It is being reported today (by the BBC and UPI, amongst other sources) that persons on the US ‘no-fly’ list were, in fact, allowed to board flights, owing to miscommunication and lack of information sharing between US government departments.
While the number of persons on the US ‘no-fly’ list allowed to board flights was small, the fact remains that miscommunication between institutional departments led to mistakes happening, which had the potential to place a significant amount of people in danger.
The US government is a huge institution, with many departments having different ‘cultures’ of operation. These different organisational ‘cultures’ often have different communicative practices, which can contribute to misunderstanding and miscommunication. These departmental and organisational differences can have unintended, negative consequences, as this situation demonstrates.
Miscommunication between institutional departments can happen for a variety of reasons: different (clashing) departmental practices; employee fatigue; interdepartmental rivalry; funding discrepancies; or bad feelings between individuals, amongst many other reasons. Often, there is not one single contributing cause of miscommunication, but a combination of several small issues.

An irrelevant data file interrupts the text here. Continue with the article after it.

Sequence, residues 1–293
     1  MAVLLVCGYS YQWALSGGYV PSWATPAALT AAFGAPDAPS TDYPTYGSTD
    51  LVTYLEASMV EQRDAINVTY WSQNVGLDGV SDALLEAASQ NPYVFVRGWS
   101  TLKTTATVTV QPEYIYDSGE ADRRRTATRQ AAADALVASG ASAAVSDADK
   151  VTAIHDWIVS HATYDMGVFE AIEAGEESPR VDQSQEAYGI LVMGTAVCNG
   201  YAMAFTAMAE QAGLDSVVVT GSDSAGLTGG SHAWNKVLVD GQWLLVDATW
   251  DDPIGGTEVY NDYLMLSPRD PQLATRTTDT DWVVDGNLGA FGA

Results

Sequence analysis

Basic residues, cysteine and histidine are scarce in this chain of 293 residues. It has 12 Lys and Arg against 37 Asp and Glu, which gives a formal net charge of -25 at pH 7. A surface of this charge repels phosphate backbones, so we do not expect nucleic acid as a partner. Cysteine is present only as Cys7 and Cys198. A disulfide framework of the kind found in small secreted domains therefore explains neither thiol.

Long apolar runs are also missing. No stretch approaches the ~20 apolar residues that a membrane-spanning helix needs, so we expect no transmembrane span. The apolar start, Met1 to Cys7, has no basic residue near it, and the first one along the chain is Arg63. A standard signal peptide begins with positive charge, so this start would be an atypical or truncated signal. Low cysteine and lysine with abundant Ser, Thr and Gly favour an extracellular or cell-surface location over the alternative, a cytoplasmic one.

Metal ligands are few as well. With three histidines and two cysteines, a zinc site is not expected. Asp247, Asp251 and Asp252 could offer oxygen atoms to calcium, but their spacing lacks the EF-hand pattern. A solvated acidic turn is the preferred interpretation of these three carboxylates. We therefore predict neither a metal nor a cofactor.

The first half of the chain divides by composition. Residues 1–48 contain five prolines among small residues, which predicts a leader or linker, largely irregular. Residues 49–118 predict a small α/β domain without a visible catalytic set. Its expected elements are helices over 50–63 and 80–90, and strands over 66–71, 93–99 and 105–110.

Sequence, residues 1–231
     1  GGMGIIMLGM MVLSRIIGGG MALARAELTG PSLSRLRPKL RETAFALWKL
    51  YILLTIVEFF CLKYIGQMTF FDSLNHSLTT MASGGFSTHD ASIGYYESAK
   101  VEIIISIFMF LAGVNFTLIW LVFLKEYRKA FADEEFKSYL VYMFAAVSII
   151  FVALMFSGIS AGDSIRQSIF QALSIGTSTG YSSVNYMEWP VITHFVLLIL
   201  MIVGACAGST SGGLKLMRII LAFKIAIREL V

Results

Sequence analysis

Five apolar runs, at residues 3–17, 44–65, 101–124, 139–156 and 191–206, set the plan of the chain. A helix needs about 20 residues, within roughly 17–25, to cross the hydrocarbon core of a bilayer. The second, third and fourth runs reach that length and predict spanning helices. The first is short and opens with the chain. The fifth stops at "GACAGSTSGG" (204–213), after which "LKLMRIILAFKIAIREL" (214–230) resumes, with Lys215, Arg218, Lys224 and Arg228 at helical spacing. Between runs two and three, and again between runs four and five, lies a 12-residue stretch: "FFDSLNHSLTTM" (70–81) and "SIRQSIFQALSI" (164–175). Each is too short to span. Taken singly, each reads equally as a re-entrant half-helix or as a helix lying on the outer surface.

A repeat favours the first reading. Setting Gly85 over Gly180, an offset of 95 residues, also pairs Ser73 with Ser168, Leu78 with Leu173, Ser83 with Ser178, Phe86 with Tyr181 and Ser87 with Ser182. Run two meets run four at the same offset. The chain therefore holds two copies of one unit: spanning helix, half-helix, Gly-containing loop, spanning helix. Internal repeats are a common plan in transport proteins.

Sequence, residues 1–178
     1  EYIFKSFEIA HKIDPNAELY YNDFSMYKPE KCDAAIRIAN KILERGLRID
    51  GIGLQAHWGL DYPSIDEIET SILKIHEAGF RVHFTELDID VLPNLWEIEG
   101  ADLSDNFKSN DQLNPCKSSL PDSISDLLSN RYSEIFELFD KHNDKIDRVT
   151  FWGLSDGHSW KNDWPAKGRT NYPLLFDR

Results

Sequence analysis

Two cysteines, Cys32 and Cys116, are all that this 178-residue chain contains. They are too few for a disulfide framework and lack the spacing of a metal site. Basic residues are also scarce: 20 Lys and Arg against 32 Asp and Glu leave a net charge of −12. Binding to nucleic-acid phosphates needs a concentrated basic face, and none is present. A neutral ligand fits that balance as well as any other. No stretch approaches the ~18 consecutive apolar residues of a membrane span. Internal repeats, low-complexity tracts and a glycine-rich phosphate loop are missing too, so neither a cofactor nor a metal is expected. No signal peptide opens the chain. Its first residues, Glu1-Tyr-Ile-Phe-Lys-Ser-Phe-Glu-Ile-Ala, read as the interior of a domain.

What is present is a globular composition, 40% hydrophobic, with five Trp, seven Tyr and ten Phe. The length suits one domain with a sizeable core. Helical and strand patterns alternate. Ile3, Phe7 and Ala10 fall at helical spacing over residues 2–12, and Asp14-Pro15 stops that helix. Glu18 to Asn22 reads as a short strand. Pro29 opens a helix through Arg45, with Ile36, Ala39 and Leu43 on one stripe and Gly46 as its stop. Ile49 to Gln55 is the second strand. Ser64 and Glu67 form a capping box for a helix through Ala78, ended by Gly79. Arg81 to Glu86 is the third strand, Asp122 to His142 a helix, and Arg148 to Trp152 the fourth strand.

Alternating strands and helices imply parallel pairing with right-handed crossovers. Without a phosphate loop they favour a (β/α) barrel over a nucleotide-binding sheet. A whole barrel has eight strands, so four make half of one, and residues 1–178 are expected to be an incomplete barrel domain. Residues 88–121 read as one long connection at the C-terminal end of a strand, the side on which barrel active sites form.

Organisations should be aware of the great potential for miscommunication and consequential unwanted, negative outcomes. Often small changes to organisational practices – for example, a short interdepartmental email to announce a new project, acknowledging the value that individuals bring to a department, or even the simple act of saying hello – can help to break down barriers to open communication between departments.
Each institution, organisation, and department is different, and there is no one solution to the pervasive issues of miscommunication. Do get in touch if you would like to further discuss miscommunication in your organization, and how we can work together to improve it.